This states that Chinese residents are already being preemptively banned, by Chinese registrars, from registering domains deemed illegal in China.

The next few paragraphs of the RSEP deal with post-registration scenarios of domains being banned, clearly delineated from the paragraph dealing with pre-registration scenarios.

In his blog post, Negari said the RSEP “addressed the proactive abuse mitigation we will take to shut down phishing, pharming, malware, and other abuse in China”.

I can’t believe this is true. The consequence would be that if China sent XYZ a take-down notice about a malware or phishing site registered to a non-Chinese registrant, XYZ would simply ignore it.

Regardless, the takeaway today is that XYZ is now saying that it will not ban a domain before it has been registered, unless that domain has previously been registered by a Chinese resident and subsequently specifically banned by the Chinese government.

The registry says this is no different to how it would treat take-down notices issued by, for example, a US court. It’s part of its contractual obligation to abide by “applicable law”, it says.

Whether this is a policy U-turn or a case of an erroneous RSEP being submitted… frankly I don’t want to get into that debate.

Disclosure: during the course of researching this story, I registered .xyz domains matching (as far as this monoglot can tell) the Chinese words for “democracy”, “human rights”, “porn” and possibly “Tiananmen Square”. I have no idea if they have value and have no plans to develop them into web sites.

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Comments (20)

  1. Nate Hayes says:

    Page 10 of the RSEP says:

    “XYZ will treat the registration of a domain name that is deemed to be prohibited by Chinese law after the name is already registered as follows. If the name is registered outside of China through a non-Chinese registrar, then no action will be taken and the registration will continue as it normally would.”

    And then:

    “If the name is registered inside China, whether through a Chinese registrar or a non-Chinese registrar and subsequently deemed prohibited by Chinese law, the registry will not proactively take any action against the registration. However, if we receive a specific notification that the registration of the name is illegal in China, we will treat it the same as we treat any
    notification from any other government that a registration is illegal.”

    This seems consistent with what Daniel and XYZ have said all along, and frankly it’s hard for me to understand how this could have been interpreted in the first place that XYZ was banning or censoring domains.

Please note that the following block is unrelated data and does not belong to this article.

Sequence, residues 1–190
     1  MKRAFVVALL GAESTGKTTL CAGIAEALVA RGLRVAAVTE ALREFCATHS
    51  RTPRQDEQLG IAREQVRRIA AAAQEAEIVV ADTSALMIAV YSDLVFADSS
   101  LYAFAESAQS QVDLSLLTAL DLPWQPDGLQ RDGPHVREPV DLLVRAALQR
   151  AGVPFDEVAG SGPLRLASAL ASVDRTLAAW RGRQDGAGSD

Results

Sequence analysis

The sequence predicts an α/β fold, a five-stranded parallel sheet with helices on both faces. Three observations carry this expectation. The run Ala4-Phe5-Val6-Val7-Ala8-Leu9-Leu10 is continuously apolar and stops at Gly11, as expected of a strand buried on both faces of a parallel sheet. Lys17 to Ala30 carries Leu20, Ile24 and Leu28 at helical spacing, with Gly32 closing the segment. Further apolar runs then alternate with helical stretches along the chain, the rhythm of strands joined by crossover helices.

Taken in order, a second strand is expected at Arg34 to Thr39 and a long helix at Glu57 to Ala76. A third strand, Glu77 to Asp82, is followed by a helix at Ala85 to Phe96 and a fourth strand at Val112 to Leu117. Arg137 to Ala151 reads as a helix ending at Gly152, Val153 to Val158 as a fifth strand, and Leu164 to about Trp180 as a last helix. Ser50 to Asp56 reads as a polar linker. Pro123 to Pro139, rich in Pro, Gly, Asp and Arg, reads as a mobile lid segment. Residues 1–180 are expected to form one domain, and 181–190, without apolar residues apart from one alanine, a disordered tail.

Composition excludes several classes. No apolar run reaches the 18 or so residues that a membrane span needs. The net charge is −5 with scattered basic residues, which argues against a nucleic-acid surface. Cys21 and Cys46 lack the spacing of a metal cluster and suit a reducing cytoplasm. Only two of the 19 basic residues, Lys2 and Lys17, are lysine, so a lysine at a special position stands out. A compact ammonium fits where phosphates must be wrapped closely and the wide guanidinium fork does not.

• Kevin Murphy says:

      That deals with *post-registration* scenarios, as it plainly says in the bits you just quoted.

      That is, suspending a domain that has been registered as opposed to reserving a domain that has not.

      I’ve never said that XYZ will suspend domains registered to non-Chinese registrants. That’s not what the RSEP says, it’s not what XYZ told me last month, and it’s not what I reported.

      • Nate Hayes says:

        “When the Gateway is initially implemented we will not run into a problem whereby a Chinese registrant has already registered a name prohibited for registration by the Chinese government because Chinese registrars are already enforcing a prohibition on the registration of names that are in violation of Chinese law.”

        It seems to me this snippet refers to a Chinese registrant that “already registered a name,” i.e., a name that already received “a specific notification that the registration of the name is illegal in China” and was therefore subsequently suspended.

        • Kevin Murphy says:

          It says it will NOT run into that problem.

          • Nate Hayes says:

            Chinese registrant A registers name X. No action is taken. The government then provides a “specific notification” the domain is illegal in China. The illegal name is suspended. Chinese registrant B tries to register X, but cannot do so because the domain is now suspended.

            The scenario of registrant B trying to register illegal name X is avoided, and X was never on a list of reserved domains.

            • Kevin Murphy says:

              If that’s what XYZ intended to say, it should have. As it stands, it did not.

            • Nate Hayes says:

              No argument from me the language of the RSEP is complicated, but I don’t see it’s inconsistent with the clarifications Daniel and XYZ have made, either.